Fleeing persecution in Myanmar, one Rohingya Muslim found himself subjected to further abuse at the hands of the Thai navy
By Himaya Quasem
Down a narrow, damp alley in the heart of the bustling tourist hotspot of Phuket sits a row of tin-roofed shacks. Hidden from view, they house Rohingya Muslims who have fled Myanmar’s sectarian bloodshed.
Although Myanmar has been widely praised for adopting democratic reforms after years of isolation, a spate of ethnic violence has raised concerns about stability.
In April, Buddhist mobs were locked in deadly clashes with Muslims in the country’s central region. The carnage followed similar sectarian violence between Rakhine Buddhists and Rohingya Muslims in western Myanmar last year.
Denied citizenship, some of the stateless Rohingya risk their lives to seek sanctuary in neighbouring countries. Some end up in parts of Thailand including Phuket, better known for its sun-drenched beaches and raucous nightlife.
Sitting cross-legged on the floor of a shack on the outskirts of Phuket town, Ismail – not his real name – tells a story of suffering and abuse that is a far cry from the carefree domain of the happy holidaymaker.
“I saw my neighbours’ house burnt to the ground,” said the 47-year-old fisherman, recalling gruesome scenes he witnessed during the violence in Rakhine state. “People were being shot and stabbed. I saw a small child hacked down like a sapling.”
The conflict erupted in June last year amid reports that Rohingya men had murdered a young Rakhine Buddhist woman. As retaliatory attacks spiralled out of control, entire villages were razed, leaving an estimated 125,000 people homeless, mostly Rohingya.
A state of emergency was declared, which briefly stemmed the bloodshed, but a fresh wave of violence broke out in October.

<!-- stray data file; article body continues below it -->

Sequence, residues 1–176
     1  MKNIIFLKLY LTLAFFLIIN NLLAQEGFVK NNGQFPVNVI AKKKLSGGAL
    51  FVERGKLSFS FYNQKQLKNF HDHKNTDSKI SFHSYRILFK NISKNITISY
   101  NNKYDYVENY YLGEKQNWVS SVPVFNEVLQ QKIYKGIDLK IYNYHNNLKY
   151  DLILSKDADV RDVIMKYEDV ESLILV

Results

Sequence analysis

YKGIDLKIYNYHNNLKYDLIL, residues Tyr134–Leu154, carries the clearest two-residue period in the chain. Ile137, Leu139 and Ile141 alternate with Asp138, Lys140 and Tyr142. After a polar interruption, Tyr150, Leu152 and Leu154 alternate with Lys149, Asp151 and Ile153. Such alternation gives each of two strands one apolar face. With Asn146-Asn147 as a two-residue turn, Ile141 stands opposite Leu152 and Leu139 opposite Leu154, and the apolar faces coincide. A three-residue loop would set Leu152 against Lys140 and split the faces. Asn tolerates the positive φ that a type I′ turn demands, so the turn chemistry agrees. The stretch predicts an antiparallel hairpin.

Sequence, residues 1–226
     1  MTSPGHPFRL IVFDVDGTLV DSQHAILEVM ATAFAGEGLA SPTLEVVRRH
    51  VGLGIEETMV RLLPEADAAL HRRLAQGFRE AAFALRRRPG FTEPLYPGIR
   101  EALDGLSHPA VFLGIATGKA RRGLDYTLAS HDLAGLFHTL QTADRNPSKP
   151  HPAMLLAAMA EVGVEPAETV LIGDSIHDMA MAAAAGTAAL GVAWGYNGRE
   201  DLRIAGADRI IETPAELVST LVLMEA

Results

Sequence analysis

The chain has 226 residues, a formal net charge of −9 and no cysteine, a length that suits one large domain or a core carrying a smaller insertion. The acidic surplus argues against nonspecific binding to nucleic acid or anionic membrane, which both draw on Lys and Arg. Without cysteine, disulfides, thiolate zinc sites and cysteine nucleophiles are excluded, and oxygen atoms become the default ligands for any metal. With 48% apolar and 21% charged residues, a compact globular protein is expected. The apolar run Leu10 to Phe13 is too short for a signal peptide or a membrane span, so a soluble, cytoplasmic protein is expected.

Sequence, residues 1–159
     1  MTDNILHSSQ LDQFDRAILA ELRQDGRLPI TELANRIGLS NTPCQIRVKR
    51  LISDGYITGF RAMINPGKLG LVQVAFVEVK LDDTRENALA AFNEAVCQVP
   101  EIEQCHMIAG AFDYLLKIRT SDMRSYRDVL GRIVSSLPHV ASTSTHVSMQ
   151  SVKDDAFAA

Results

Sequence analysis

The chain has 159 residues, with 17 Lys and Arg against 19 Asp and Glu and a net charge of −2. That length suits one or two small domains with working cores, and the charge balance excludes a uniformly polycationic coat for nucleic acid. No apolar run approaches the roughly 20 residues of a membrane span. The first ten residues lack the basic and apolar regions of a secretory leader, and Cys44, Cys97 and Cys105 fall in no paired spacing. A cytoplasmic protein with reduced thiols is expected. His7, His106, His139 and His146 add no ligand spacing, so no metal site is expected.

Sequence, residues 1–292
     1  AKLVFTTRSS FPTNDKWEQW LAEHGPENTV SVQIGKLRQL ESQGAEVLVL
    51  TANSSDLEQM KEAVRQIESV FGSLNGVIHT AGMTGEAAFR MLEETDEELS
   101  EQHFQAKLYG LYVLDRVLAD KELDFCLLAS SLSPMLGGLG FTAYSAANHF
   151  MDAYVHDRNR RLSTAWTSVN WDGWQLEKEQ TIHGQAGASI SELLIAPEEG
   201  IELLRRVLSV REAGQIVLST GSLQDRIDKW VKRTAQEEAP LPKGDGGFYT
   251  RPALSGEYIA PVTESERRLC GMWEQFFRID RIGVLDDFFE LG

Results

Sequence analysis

Human rights groups have accused government security forces of tacitly supporting Rakhine Buddhist outrages against Rohingya, as part of a policy to drive them out of the country.
The bloodletting certainly prompted Ismail to leave. His fishing boat was destroyed in the rioting and he could no longer feed his family, so he decided to find work abroad.
Along with 63 others he boarded a rickety boat that sailed for 12 days, sometimes through storms, before nearing the Thai coast. Ismail said the Thai navy captured them and sold them to people smugglers, who took them by truck to a camp in southern Thailand.
“We were stuffed into a small house like cattle. I had no idea where I was.”
He and other captives lived on mouthfuls of rice scooped from a single large bowl and slept in a cramped room next to the only toilet – a fetid pit.
But those were the least of Ismail’s worries. The smugglers demanded a $1,395 “fee” for entering Thailand.
“Some days, they would grab me, tie my arms and legs and lay me flat on my stomach,” he said. “Then, they started hitting me on my back and legs with heated metal rods and rope. After three or four blows I would pass out.”
Ismail understood that unless he could produce the money, the beatings would not stop. His captors let him contact a fellow Rohingya living in Phuket, who managed to raise some funds.
After 24 days in the camp, his ordeal ended and he was sent by bus to Phuket, where he now lives illegally.
Although Thailand has provided temporary protection to Rohingya, the government does not register them as refugees. Instead, it has a policy of “helping” boat people on to a third destination by providing them with food, water and assistance to continue their perilous journey.
The Thai Navy has been accused of abuses, like the ones Ismail describes. The Thai government has said it will look into the allegations. Back in Myanmar, tens of thousands of displaced Rohingya living in overcrowded camps face food shortages and the threat of disease because the government has restricted the flow of aid, said Human Rights Watch deputy Asia director Phil Robertson.
There is little public support for the estimated 800,000 Rohingya living in Myanmar, said Chris Lewa, head of human rights organisation the Arakan Project, which specialises in the Rohingya minority group.
“One key reason is religion,” she added. “There’s a strong anti-Muslim discourse here.”
Dr Akbar Ahmed, Ibn Khaldun chair of Islamic Studies at American University in Washington, DC, said the Rohingya – many of whom have lived in Myanmar for generations – should be granted citizenship. Such a move would bolster Myanmar’s democratic “legitimacy”, added Dr Ahmed, who researched the Rohingya for his book The Thistle and the Drone.
“Whether [the Burmese] can rise above issues of race and religion to be a united and democratic Burma,” said Ahmed, “will be their first and most important test.”